Doctoral Dissertations

Date of Award


Degree Type


Degree Name

Doctor of Philosophy


Nuclear Engineering

Major Professor

G. Ivan Maldonado

Committee Members

Ronald E. Pevey, Arthur E. Ruggles, James D. Freels, David H. Cook, David Chandler (courtesy member)


The computational ability to accurately predict the conditions in an experiment under irradiation is a valuable tool in the operation of a research reactor whose scientific mission includes isotope production, materials irradiation, and neutron activation analysis. Understanding of different governing physics is required to ascertain satisfactory conditions within the experiment: the neutron transport behavior throughout the reactor and the coupled behavior of heat transfer, structural mechanics and fluid flow. Computational methods and tools were developed for robust numerical analysis of experiment behavior at the Oak Ridge National Laboratory (ORNL) High Flux Isotope Reactor (HFIR), including fully-coupled thermo-mechanics in three plutonium-238 (238Pu) production targets. In addition, a new computational tool was developed that solves neutron transport using the discrete ordinates method on a finite element mesh and offers multiphysics coupling.

The thermo-mechanical models of the 238Pu targets are solved using the COMSOL heat transfer and solid mechanics modules with irradiation behavior and thermophysical properties taken from measurements performed at ORNL. The experiments, placed in the permanent beryllium (PB) reflector, consist of neptunium dioxide/aluminum (NpO2/Al) pellets in Al containment, the model taking advantage of axisymmetry in two-dimensional R-Z cylindrical geometry. At times, extended analysis was needed for incomplete data sets and time schedules; however, the thermal-structure models ensured progression through three project phases of target qualification.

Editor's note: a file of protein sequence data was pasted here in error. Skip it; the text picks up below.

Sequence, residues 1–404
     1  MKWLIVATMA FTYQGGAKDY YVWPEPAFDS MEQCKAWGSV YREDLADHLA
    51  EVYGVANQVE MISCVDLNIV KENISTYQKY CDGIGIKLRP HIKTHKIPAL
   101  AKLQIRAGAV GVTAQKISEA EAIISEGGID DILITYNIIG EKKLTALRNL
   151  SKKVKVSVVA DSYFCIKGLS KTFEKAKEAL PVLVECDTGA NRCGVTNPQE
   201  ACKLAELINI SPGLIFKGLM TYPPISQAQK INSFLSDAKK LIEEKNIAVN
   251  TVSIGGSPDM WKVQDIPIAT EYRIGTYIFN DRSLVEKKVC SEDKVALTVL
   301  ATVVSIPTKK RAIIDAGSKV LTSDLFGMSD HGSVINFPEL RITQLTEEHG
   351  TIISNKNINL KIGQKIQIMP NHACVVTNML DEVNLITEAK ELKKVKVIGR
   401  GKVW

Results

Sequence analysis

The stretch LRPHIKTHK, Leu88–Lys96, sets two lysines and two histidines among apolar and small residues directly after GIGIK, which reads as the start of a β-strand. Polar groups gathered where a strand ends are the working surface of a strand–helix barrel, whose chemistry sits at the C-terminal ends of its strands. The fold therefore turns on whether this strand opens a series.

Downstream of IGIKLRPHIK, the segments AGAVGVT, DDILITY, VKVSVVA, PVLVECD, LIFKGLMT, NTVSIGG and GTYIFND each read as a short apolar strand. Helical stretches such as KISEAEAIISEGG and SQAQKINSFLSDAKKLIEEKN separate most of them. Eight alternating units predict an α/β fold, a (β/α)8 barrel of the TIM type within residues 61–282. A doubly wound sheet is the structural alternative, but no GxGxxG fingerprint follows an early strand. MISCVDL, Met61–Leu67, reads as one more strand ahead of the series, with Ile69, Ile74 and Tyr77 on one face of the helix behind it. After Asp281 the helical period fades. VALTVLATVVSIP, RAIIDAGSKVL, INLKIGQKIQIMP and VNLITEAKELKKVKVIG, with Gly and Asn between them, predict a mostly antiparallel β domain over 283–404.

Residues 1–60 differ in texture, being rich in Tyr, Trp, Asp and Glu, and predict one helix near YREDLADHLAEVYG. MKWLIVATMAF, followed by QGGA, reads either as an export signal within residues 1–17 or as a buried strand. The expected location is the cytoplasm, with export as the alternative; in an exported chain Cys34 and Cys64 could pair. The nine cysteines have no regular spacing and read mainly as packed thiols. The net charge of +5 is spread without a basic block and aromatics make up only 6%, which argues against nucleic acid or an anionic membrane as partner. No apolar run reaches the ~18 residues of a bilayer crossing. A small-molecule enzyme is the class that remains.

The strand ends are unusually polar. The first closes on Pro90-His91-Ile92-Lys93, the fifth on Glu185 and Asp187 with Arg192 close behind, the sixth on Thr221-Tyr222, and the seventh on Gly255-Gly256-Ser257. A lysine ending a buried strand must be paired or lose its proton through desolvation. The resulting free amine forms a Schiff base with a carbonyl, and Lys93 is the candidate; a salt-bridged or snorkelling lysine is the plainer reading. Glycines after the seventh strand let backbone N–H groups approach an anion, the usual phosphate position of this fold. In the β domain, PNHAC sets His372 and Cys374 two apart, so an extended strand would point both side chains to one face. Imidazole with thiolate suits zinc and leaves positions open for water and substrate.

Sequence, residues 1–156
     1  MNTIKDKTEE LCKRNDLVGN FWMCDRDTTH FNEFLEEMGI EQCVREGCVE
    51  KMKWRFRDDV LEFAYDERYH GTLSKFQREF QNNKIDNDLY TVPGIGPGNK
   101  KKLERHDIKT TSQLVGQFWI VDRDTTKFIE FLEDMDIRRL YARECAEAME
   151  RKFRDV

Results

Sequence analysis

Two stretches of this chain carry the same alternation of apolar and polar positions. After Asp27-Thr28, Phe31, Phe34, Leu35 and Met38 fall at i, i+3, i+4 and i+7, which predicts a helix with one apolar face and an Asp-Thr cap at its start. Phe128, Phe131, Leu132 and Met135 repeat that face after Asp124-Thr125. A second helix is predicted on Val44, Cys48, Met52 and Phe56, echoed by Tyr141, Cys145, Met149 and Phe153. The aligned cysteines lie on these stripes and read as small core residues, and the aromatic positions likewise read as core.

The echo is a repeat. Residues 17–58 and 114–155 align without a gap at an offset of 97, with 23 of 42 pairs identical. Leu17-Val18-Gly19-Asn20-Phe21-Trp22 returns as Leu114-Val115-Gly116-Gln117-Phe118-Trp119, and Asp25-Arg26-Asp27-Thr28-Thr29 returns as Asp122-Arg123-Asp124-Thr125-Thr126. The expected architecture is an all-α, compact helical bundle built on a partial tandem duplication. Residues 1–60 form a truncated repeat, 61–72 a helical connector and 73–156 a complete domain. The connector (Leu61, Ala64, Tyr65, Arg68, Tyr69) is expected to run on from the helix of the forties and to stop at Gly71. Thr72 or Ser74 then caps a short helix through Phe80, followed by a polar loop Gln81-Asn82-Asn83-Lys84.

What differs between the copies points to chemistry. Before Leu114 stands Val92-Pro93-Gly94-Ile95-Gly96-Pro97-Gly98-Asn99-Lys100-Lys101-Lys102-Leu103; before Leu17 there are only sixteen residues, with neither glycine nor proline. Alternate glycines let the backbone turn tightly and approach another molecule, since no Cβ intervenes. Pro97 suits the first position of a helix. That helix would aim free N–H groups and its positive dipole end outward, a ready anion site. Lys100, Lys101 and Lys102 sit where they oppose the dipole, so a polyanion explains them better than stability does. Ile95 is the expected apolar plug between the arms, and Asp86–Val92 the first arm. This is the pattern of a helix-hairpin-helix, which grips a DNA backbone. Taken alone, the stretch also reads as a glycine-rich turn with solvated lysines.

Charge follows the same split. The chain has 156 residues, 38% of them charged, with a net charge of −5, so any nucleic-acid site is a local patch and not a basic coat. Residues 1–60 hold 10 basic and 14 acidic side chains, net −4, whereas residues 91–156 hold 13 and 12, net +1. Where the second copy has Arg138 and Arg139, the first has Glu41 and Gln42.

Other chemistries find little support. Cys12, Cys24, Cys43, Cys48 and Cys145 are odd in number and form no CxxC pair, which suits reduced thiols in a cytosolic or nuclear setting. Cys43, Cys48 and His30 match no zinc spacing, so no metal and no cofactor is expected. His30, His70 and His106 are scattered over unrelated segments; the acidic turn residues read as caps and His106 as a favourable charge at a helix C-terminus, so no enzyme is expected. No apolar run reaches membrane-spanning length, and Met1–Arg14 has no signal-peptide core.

The neutron transport equation was solved in COMSOL, using the discrete ordinates formulation in the weak form partial differential equation (PDE) interface. Validation studies were performed for the dimensions developed (one-, two- and three- dimensional Cartesian as well as two-dimensional R-Z cylindrical/axi-symmetric) and compared to external deterministic and stochastic codes. The method was then applied to a beginning-of-cycle (BOC) simplified HFIR core, with good comparison to other static solutions of the HFIR, and a time-dependent extension to this tool was created and exhibited for a benchmark problem.

The research presented in this dissertation is the continued progress towards creating a comprehensive multiphysics methodology for studying the dynamic behavior of the HFIR core, and shows the capabilities of detailed space-time reactor physics studies and of multiphysics analyses for experiment qualification and safety analyses at a research reactor.

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